In spring 1986, Whitworth students sought to empathize with the plight of blacks in South Africa by holding an apartheid-simulation day on campus. In a “diary” that was published for Whitworth Today, one of the students wrote, “It’s a big challenge we’ve undertaken – to grasp a complex subject like apartheid from our perspective a hemisphere away from South Africa. Attempting to simulate an apartheid state on a college campus can provide at best only a glimmer of reality. But for a community like Whitworth, with its history of social concern, it seems right to try.” Students organized simulations that required white students to carry identity passes to gain admittance into buildings where security officers were stationed; the students were to observe signs that indicated where white students were allowed to enter. The overarching rule of the simulation stated, “As a majority person, you have no rights as a citizen.”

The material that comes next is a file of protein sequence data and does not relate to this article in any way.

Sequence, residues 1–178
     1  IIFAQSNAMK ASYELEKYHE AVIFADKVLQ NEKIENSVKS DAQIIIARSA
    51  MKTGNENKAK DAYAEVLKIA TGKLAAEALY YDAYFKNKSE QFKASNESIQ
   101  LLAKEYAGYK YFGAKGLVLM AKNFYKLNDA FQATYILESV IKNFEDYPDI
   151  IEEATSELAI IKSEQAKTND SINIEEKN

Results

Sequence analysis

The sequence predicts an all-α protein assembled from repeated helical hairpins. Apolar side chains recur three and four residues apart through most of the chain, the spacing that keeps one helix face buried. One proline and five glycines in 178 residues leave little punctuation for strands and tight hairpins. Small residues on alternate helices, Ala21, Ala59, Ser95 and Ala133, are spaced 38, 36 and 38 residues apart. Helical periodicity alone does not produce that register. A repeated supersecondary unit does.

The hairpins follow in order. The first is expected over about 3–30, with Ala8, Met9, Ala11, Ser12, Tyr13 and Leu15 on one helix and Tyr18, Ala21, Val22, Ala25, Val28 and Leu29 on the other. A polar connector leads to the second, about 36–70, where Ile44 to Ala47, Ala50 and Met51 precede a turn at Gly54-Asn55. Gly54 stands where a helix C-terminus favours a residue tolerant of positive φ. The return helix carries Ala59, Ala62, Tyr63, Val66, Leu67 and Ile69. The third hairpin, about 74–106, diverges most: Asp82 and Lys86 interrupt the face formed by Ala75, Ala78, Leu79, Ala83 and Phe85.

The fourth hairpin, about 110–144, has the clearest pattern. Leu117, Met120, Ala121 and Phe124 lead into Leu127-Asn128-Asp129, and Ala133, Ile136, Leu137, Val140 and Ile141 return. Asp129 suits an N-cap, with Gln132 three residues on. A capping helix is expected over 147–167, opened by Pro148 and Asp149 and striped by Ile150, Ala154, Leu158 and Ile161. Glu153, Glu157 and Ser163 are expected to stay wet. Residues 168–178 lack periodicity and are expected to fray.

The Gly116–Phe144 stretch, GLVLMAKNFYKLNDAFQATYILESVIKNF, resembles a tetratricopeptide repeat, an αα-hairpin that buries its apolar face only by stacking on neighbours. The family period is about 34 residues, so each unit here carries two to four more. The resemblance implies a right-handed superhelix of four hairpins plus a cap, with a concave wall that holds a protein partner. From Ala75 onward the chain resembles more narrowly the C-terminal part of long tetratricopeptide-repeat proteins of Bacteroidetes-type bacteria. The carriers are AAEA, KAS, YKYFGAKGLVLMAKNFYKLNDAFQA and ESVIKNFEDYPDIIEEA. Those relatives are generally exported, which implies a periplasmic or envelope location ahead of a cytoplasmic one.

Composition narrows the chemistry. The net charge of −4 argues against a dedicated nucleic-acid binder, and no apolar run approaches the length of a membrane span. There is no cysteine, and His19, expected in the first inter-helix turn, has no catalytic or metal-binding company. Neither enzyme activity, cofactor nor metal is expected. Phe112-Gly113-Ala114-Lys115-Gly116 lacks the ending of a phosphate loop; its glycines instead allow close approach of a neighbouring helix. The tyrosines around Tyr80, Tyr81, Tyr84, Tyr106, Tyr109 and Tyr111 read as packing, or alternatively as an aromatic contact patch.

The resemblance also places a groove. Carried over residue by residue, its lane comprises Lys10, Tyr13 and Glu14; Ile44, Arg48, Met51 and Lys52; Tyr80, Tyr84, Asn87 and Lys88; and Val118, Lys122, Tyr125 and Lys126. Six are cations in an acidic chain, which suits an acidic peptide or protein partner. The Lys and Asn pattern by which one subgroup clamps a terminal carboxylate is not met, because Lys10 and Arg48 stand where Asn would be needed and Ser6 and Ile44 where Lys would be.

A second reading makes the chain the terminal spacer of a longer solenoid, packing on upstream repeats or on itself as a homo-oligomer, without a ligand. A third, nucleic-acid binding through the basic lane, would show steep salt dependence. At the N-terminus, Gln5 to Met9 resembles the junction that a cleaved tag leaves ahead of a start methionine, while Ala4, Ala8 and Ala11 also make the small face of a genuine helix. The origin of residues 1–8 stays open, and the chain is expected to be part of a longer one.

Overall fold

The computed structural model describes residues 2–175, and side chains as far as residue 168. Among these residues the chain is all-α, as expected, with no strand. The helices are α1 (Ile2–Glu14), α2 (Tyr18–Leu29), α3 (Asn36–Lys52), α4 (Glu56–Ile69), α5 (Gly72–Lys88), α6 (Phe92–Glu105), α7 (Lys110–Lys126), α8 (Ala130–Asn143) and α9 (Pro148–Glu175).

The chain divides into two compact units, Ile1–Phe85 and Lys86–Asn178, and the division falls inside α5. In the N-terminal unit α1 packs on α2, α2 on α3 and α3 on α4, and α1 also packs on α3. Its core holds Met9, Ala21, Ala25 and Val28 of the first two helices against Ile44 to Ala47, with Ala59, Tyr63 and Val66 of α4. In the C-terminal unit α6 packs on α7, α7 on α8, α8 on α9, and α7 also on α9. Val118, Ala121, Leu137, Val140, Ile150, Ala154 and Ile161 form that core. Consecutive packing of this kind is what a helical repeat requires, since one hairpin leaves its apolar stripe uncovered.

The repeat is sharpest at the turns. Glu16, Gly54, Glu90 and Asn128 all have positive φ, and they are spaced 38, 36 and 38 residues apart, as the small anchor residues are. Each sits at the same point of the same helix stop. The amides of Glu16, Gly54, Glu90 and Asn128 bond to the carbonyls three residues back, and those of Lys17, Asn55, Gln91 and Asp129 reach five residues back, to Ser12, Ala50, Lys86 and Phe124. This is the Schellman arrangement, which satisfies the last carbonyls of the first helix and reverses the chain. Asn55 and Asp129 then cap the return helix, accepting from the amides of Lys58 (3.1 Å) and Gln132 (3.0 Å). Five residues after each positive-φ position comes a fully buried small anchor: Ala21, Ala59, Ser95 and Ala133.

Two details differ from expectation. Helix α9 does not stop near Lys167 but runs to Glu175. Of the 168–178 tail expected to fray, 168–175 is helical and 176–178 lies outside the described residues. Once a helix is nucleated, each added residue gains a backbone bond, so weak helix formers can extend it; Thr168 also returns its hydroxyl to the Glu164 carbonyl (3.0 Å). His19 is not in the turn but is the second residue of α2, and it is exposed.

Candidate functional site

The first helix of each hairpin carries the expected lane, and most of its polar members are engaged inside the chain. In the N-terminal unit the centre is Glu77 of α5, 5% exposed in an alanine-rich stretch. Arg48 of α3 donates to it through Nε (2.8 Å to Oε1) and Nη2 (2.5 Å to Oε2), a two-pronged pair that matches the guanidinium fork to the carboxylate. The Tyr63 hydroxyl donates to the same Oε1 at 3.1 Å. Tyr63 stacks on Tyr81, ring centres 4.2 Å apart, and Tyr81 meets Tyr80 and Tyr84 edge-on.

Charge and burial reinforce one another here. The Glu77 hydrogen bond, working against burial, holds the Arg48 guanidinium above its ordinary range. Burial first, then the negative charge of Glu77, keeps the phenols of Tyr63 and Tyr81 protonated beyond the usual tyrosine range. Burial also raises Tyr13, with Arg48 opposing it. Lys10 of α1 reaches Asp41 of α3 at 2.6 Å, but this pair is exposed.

The day got mixed reviews from students. Some didn’t believe it made any difference, while others felt their perspectives changed. Amy Neil, ’86, a religion major who helped organize the event and served as a security guard, said of her fellow students, “They were frustrated over the fairly trivial things they were asked to do. And it wasn’t that inconvenient. If they reflect on that at all, they’ll realize that the level of frustration for black South Africans must be extremely high. It doesn’t just happen for one day there. It’s a lifetime.” One late night that week, just in time for the board of trustees meeting the following day, Neil and her fellow organizers planted 450 crosses across The Loop that bore the names of apartheid victims. Student leaders met with Whitworth President Robert Mounce, asking him and the board of trustees to review the college’s investment portfolio and to withdraw monies from companies doing business in South Africa. After reviewing investments, the board attempted to reassure the campus community that their funds were not helping to support apartheid.
The simulation events attracted the attention of various Spokane media, with all three TV stations following the student participants. “This generation has been labeled as ‘do-nothings’,” said Director of Student Activities Glenn Smith, one of the organizers, “but there are more concerned students than you think. And the fact that [the simulation event] was so well covered by the media made even the students who weren’t involved realize what an important issue it is.”